And yes, Buffy did die. It died a horrible, agonizing death during Seasons Six and Seven, right before our very eyes. And it’s not the sort of death that you say, “Well, at least they didn’t suffer,” like a favored relative dropping dead of a massive coronary; no, Buffy got shipped to the nursing home, drooling and crapping her Depends, as everyone watched and saw maddening flashes of the old Buffy for just a moment before she returned to asking about Maypo.

There are some deaths so terrible you can’t watch them – X-Files jumped the shark so hard that it literally flung viewers off its back, sending them skittering into watching reruns. But Buffy was so close to being good throughout those two necrotic seasons that we couldn’t look away.

And I think Buffy is still going strong because in our hearts, each of us knows we could have done better.

Whenever Buffy fans get together, all we discuss is what the hell happened? Some people don’t think that Season Six was that bad (Roni’s among them), whereas others see it as a fetid pile of poo with one gleaming treasure (the musical) jutting out awkwardly. Most agree that Season Seven was a good attempt at returning to form, but it fell short in some undefinable way.

But like Kennedy conspiracy theorists endlessly discussing the grassy knoll, every Buffy fan knows in her heart what she would have done to improve the last seasons. At every Buffy discussion I’ve been a part of, eventually the discussion heaved ‘round to What Should Have Been Done. We wanted more of Xander’s courage, less of Spike – or maybe more Spike and less Xander. It doesn’t matter whether you wanted Buffy and Angel to get together, or whether you longed for the big Spuffy ending; everyone’s take on how they could have fixed Buffy is different, like snowflakes twirling to earth.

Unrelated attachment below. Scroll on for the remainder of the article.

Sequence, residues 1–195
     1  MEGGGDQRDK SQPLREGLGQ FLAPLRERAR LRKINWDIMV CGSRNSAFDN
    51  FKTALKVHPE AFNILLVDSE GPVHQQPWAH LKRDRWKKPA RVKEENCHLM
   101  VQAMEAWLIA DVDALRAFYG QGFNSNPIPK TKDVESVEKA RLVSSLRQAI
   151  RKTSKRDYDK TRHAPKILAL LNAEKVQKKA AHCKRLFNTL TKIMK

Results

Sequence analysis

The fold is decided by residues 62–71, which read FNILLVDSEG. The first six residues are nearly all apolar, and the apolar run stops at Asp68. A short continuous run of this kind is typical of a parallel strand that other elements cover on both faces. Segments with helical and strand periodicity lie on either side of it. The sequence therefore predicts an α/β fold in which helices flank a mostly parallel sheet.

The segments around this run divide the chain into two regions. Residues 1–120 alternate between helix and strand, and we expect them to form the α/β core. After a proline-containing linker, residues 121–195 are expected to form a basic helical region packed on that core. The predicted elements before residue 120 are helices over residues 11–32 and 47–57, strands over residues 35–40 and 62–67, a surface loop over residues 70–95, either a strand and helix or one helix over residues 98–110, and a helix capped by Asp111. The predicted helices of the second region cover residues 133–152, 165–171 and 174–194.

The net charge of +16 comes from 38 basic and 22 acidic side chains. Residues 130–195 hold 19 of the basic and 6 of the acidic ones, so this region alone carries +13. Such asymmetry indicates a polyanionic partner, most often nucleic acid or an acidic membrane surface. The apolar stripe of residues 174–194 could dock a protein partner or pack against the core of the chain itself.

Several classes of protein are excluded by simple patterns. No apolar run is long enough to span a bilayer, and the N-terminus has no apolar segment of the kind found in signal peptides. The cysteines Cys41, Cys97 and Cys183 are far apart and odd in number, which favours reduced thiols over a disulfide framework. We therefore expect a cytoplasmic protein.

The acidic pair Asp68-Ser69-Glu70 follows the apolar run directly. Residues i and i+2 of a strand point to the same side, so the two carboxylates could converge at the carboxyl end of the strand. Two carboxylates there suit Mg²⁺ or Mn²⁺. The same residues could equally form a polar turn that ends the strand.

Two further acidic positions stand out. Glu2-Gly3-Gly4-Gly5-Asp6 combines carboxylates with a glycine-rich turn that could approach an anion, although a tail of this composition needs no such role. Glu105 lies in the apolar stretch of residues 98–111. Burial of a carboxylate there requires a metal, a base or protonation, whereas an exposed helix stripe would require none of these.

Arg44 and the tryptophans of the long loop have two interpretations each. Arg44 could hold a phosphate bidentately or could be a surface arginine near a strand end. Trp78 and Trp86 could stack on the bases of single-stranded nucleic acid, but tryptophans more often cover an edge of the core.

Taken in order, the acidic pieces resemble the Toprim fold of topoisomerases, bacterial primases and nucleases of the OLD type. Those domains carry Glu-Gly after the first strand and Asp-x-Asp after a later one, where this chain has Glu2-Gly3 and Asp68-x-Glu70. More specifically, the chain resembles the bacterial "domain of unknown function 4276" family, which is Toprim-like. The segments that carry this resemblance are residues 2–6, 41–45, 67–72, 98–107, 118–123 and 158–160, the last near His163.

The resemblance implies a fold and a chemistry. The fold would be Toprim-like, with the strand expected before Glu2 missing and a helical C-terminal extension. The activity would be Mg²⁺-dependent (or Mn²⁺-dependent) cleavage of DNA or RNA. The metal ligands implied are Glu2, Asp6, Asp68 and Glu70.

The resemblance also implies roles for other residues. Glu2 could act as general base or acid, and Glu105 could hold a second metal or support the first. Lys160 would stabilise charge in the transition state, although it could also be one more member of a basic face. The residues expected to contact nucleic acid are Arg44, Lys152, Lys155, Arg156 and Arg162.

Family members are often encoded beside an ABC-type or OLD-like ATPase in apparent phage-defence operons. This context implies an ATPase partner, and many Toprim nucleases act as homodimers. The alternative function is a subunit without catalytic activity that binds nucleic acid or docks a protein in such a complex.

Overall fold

But there was something you could have done to make the last seasons more to your liking.

…Which, in a way, turns Buffy into a “Choose Your Own Adventure.”

If it had ended in a way that was satisfying, you could have packed it away neatly in your memories and forgotten about it. If it had ended so horribly it couldn’t have been saved, you would have walked away from the wreckage like you did for Highlander II and The Phantom Menace. But Buffy was salvageable, and as such you’re devoted.

For the Buffy fan, watching the episodes is a form of writing. You watch each forty-three minute chunk knowing how it all ended up, and you look for little clues as to where it started to slide, and maybe you see how you could have patched it up. Sure it did end – we all know what happened – but you’ve got your own ending that you’re secretly attached to. It may not be different – maybe Xander stopped being such a big wimp – but it’s the ultimate fanfic.

No two people look at the same Buffy. And that’s why you love it.